Ross Brawn believes the British Grand Prix at Silverstone is part of the heritage of the sport
The race has been held at Silverstone on and off since 1948 and every year since 1987 with the current contract running until 2026.
However, the British Racing Drivers' Club (BRDC) who own the track revealed earlier this month that they were considering activating a break clause this summer that would see them end their relationship after 2019.
But they appear to have been thrown a lifeline by the new owners of F1.
Silverstone and the British Grand Prix want to stay on the F1 calendar, but costs are rising
Bernie Ecclestone has been removed from his role as CEO of F1
Liberty Media began a £6billion takeover of the sport last year which was completed on Monday and saw Bernie Ecclestone removed from his role as chief executive after nearly 40 years in charge.
Former Fox executive Chase Carey will take over the top job while ex-F1 team boss Ross Brawn has been appointed to a sporting director role.
And the former Mercedes and Ferrari man hinted that he could see the governance of races changing to make hosting more lucrative.
"The heritage of F1 is vital and the longer term view that Liberty will take will assist in that because they recognise the value of that heritage – the Monzas, the Monacos, the Spas, the Silverstones," Brawn told Sky Sports News.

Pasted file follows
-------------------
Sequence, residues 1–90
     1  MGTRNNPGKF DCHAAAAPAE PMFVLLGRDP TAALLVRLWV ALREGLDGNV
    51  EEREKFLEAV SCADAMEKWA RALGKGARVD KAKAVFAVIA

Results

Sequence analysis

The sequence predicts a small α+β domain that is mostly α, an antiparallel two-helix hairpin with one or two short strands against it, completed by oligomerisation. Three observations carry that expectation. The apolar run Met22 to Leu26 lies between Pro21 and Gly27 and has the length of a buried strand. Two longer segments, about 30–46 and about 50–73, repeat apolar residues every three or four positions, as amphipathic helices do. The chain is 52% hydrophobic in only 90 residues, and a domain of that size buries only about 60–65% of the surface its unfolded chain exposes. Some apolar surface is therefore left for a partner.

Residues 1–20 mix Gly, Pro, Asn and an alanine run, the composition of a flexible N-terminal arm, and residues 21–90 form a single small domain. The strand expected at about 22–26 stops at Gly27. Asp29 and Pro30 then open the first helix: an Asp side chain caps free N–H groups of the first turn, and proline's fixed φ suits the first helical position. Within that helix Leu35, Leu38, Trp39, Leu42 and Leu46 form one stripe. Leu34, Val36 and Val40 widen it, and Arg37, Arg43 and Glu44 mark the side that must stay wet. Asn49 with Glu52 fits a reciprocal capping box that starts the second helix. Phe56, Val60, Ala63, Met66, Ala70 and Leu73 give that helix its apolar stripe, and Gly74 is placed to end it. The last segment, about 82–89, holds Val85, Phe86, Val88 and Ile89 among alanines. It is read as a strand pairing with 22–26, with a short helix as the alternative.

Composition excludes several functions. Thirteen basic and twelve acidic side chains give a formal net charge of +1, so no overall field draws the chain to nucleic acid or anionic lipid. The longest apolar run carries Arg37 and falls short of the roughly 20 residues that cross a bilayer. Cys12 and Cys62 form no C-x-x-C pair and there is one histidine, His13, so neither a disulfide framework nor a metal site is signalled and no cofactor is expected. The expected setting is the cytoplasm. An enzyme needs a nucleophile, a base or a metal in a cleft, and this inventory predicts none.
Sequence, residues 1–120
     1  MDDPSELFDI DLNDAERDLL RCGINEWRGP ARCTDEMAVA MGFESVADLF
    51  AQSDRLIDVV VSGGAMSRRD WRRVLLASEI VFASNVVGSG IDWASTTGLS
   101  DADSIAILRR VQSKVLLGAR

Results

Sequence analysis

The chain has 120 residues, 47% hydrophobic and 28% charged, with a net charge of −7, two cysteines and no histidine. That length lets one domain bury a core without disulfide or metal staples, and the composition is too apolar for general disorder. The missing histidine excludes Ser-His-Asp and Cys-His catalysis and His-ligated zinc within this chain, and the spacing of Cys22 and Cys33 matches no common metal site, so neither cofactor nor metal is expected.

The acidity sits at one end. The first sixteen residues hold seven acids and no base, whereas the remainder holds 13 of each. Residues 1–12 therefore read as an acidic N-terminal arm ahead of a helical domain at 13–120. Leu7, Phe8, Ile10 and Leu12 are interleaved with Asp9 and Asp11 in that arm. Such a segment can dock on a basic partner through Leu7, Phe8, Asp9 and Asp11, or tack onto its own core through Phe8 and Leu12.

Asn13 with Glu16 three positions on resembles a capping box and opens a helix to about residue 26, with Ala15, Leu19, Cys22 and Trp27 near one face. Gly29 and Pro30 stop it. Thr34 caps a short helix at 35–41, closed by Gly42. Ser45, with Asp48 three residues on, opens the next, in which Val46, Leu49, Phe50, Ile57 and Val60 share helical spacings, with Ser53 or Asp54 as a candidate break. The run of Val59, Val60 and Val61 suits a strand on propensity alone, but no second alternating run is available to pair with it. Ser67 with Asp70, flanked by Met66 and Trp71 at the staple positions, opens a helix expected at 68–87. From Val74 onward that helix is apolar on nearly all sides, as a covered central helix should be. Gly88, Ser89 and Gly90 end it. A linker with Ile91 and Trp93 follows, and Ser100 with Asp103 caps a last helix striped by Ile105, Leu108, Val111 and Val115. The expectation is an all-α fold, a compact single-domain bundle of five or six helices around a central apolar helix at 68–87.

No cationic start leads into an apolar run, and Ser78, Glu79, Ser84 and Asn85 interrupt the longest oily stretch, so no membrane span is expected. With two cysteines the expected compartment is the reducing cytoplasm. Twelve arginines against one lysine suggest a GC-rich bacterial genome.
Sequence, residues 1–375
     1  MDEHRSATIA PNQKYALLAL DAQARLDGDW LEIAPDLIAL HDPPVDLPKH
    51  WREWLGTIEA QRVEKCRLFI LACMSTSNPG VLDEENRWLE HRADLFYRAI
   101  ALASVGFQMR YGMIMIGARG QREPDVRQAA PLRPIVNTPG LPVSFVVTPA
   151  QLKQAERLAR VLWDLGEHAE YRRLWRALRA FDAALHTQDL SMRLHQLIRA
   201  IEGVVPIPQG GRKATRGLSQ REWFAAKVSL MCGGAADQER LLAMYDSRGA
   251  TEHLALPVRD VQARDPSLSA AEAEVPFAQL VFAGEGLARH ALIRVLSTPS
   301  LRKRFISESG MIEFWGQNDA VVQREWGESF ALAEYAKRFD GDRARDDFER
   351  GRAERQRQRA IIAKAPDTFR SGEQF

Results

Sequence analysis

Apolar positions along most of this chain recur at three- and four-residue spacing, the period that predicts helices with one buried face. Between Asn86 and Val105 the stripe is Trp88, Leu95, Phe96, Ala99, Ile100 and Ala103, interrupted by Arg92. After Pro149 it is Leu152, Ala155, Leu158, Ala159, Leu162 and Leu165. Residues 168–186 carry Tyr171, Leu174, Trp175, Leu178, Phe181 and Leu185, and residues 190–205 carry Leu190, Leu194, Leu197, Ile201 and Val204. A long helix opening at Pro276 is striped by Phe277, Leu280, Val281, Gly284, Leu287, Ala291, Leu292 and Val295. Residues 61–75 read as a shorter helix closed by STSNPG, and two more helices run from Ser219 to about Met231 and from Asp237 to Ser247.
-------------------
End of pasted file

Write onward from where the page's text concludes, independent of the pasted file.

"That's why F1 is so attractive not only to the fans but to countries who want to hold a race. They see that heritage and if you lose that, you lose that core of F1. It has to be preserved.
"We have to find ways not of making the races cheaper but making them better value so that they get more out of the race than has been possible in the past.
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"We can change the economics of the race but not necessarily just by making it cheaper."
Express Sport understands the prohibitive cost of hosting the race is causing consternation inside the BRDC and government funding has even been sought.
However, public money is more likely to come in the form of investment in infrastructure as opposed to any subsidisation of the event.